In 1991 David Powell and Tom Kramer joined forces to create Kablooe Design®. Tom was a recent industrial design graduate, and Dave was a student of audio electronics; both were doing freelance design and prototyping work for Tonka Toys when they met. At the time, Tonka Toys was one of the premier corporations headquartered in the Twin Cities area. Dave rented a small tin shed in Osseo, MN, where he had some tools and equipment he used for his freelance work. Tom was working out of his basement, and it seemed like a good idea to join forces in their efforts to design and prototype for Tonka Toys, their one and only customer.
They considered themselves “Exploding With New Ideas,” which seemed like the perfect slogan for a creative toy design company, and a perfect fit for the name “Kablooe Design”. On the very day that they joined forces, they were working on their first project together in the work shed with the radio going, when they heard the news that Tonka Toys was shutting its doors, closing down and moving to the east coast—it had just been bought out by Hasbro. On that fateful first day (after quitting his day job the week before), Tom turned to Dave and said, “I think we better find some new customers.” Fortunately, toy work continued with Hasbro, and they picked up Ertyl and Galoob as toy customers as well.
At the same time, efforts were being made to design products in other fields of interest. Dave and Tom soon were designing guitars, consumer products, industrial items, and even a few medical devices. They took a grassroots approach, and offered our customers high-quality results quickly, cost-effectively, and without a lot of nonsense. They began to build a customer base and added talented and creative individuals to the team. Many of these people have moved on to pursue other interests, but their contributions to Kablooe will always be remembered. Kablooe is thankful for the many friends we have made over the years through the wonderful people that have worked here or passed through our doors.
In the early 90s they moved their facility into one half of a small warehouse in Blaine, MN. During the next few years company focus began to shift away from toys and prototyping to more in- depth product design efforts, and in the mid to late 90s engineering products for production was added with the use of Solidworks 3D modeling software. At that time the workshop became used less for producing prototype parts, and more for 3D experimentation during the design and development process, although final prototyping capabilities remain to this day. Matthew Rust joined the staff in 1996 and eventually became director of design and development, and now oversees the internal design affairs while Tom operates as company president.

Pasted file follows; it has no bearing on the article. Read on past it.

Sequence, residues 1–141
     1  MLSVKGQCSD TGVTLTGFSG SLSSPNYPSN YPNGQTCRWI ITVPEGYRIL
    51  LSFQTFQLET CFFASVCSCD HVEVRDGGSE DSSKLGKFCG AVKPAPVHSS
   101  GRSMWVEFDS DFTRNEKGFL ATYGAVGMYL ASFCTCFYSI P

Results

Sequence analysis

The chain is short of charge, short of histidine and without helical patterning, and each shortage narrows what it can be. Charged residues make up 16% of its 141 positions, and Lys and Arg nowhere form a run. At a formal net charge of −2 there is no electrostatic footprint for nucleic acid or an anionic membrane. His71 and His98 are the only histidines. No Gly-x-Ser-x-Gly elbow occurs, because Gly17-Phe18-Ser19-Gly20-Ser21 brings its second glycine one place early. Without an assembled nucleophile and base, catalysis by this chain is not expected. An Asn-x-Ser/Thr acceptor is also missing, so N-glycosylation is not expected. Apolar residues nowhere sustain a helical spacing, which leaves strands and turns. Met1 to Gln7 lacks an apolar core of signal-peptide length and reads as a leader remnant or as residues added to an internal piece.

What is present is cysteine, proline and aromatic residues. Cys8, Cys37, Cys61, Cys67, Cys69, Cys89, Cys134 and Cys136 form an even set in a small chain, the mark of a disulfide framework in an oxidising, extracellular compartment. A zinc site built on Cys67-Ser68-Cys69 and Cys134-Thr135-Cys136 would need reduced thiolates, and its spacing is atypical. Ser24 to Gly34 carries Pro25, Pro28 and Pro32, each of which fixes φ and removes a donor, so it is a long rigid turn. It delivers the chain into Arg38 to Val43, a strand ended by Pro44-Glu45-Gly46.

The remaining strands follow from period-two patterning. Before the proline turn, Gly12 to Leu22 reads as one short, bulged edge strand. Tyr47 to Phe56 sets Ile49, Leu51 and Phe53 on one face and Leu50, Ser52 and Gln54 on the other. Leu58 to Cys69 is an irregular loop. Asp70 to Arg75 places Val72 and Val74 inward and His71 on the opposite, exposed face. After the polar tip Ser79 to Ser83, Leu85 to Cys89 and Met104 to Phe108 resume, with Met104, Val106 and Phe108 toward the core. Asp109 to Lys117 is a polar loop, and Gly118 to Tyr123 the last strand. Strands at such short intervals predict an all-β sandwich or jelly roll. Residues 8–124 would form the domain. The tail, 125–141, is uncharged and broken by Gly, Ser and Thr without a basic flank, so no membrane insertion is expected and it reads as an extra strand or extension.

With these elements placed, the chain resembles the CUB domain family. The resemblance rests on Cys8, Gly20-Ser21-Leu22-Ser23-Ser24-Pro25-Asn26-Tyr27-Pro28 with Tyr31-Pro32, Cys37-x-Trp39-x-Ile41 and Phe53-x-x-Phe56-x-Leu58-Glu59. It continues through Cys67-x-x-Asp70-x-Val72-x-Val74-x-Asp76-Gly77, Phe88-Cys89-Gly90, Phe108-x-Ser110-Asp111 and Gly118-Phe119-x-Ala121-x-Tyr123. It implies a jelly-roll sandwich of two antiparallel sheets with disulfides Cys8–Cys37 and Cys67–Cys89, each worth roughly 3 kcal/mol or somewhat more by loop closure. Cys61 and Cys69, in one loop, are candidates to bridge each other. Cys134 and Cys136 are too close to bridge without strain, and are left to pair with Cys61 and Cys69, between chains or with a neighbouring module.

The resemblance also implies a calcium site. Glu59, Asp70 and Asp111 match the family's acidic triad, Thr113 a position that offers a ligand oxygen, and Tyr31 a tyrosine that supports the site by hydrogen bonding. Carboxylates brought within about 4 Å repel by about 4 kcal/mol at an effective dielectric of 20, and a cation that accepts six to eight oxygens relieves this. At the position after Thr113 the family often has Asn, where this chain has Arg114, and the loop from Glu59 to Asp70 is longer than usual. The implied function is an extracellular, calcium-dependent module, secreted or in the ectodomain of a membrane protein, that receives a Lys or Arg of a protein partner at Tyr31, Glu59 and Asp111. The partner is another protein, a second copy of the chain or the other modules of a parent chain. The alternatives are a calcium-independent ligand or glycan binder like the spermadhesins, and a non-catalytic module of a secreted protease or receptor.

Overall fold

In 2000 Tom made a personal decision to have the company focus mostly on medical devices, and began working to gain clients in that arena. Kablooe scoured the nation, looking for the best and the brightest designers and engineers to put together a top-notch, world-class staff to provide their customers with the best possible product development results. The idea is simple: find the best possible people, pay them what they’re worth, and give them the freedom to use their talents. The company’s mission statement changed its focus from developing products to providing a fun, satisfying, and lifelong means for the employees to have the families and associated life that they desired.
By 2008 Kablooe’s customer portfolio was approximately 85% medical devices, with the remainder in consumer, electronic, and industrial products. This was an important achievement for Tom, as his interests and passions revolved around using product design as a tool to improve the lives of others. Throughout this time the company gained valuable medical device knowledge through educational channels as well as good old fashioned experience. During that time Tom attended Stanford University’s Cardiovascular System in Health and Disease program, as well as part of the Stanford Biodesign program. Later he attended Northwestern University’s Master of Product Development executive program, and by 2010 had racked up countless medical CEU credits as well.
By 2010 Kablooe was working on many different kinds of medical devices. Design assignments included surgical tools and devices for atrial fibrillation ablation, drug injection, benign prostate hyperplasia, vein harvesting, tympanometers, audiometers, ECG testing, and coronary bypass procedures to name just a few.
Kablooe had learned many lessons in medical device development. Based on these experiences, Tom saw the need and an opportunity to streamline the medical device development process by focusing on important areas that so many medical device developers miss. This gave birth to the D3 Design Driven Development℠ process. Tom now travels and lectures about the product development process, pointing out pitfalls and showing developers and designers how they can infuse innovation into a process that will help them develop outstanding and successful products.